Excerpted from Understanding Richard Powers by Joseph Dewey:
Powers’s characters themselves shift between the impulse to connect and its inevitable crash and burn; between the Emersonian urge to embrace the difficult ad-lib of the world and the Dickinsonesque need to recoil from its evident bruising into the supple sanctuary of the aesthetic enterprise, to withdraw into the secured refuge of a novel, a piece of music, a movie house, a museum, even cyberspace. Although long reluctant to encourage the distraction of biography, Powers has lived–like his characters–sustained within a curiously similar geography; never quite at home, never quite comfortable with belonging, shifting between engagement and escape. Powers was born 18 June 1957 in Evanston, Illinois, the fourth of five children, two older sisters and a brother and one younger brother. Early on, in the mid-1960s, his father, a high school principal with a working-class background, moved the family to the north Chicago suburb of Lincolnwood, an older neighborhood, Powers recalls, that was heavily Jewish. “My sisters and brothers and I would be just about the only kids in school for the high holy days.”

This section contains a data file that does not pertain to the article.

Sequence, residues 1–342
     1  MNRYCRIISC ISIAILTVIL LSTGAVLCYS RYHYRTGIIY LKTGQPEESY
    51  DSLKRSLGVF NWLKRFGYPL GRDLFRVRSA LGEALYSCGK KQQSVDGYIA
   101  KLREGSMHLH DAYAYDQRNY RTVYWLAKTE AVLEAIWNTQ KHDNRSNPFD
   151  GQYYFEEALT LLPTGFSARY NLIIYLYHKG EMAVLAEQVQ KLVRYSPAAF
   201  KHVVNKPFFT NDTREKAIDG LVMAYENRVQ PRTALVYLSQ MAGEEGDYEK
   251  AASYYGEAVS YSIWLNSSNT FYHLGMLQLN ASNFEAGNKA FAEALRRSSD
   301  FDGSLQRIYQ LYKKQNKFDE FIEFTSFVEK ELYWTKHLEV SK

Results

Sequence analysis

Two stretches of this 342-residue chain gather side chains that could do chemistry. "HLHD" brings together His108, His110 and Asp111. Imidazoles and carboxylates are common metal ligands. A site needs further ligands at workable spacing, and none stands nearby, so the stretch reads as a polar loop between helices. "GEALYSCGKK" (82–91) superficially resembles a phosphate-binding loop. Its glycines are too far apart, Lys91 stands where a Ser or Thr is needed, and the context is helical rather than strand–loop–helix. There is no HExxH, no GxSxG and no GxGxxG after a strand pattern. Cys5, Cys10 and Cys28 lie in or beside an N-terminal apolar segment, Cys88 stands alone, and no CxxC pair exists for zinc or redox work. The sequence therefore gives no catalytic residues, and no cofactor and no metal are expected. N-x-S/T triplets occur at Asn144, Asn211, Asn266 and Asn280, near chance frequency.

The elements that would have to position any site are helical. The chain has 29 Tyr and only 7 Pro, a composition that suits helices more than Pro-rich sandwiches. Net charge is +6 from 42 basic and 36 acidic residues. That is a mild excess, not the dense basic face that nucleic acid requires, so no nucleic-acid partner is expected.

He continues, “I always had a sense that we weren’t quite native, a self-image compounded when we moved to Bangkok right before my eleventh birthday.” Powers then spent what he has frequently described as five “eye-opening” years in Thailand when his father accepted an appointment with the International School of Bangkok during the height of the American military presence in Southeast Asia. Amid such dramatic relocations, the young Powers discovered the aesthetic sanctuary: he tapped into both a sustaining love of music (an accomplished student of vocal music, he trained in the cello but also plays guitar, clarinet, and saxophone) and a restless curiosity fed by voracious reading.
© 2002 by Joseph Dewey
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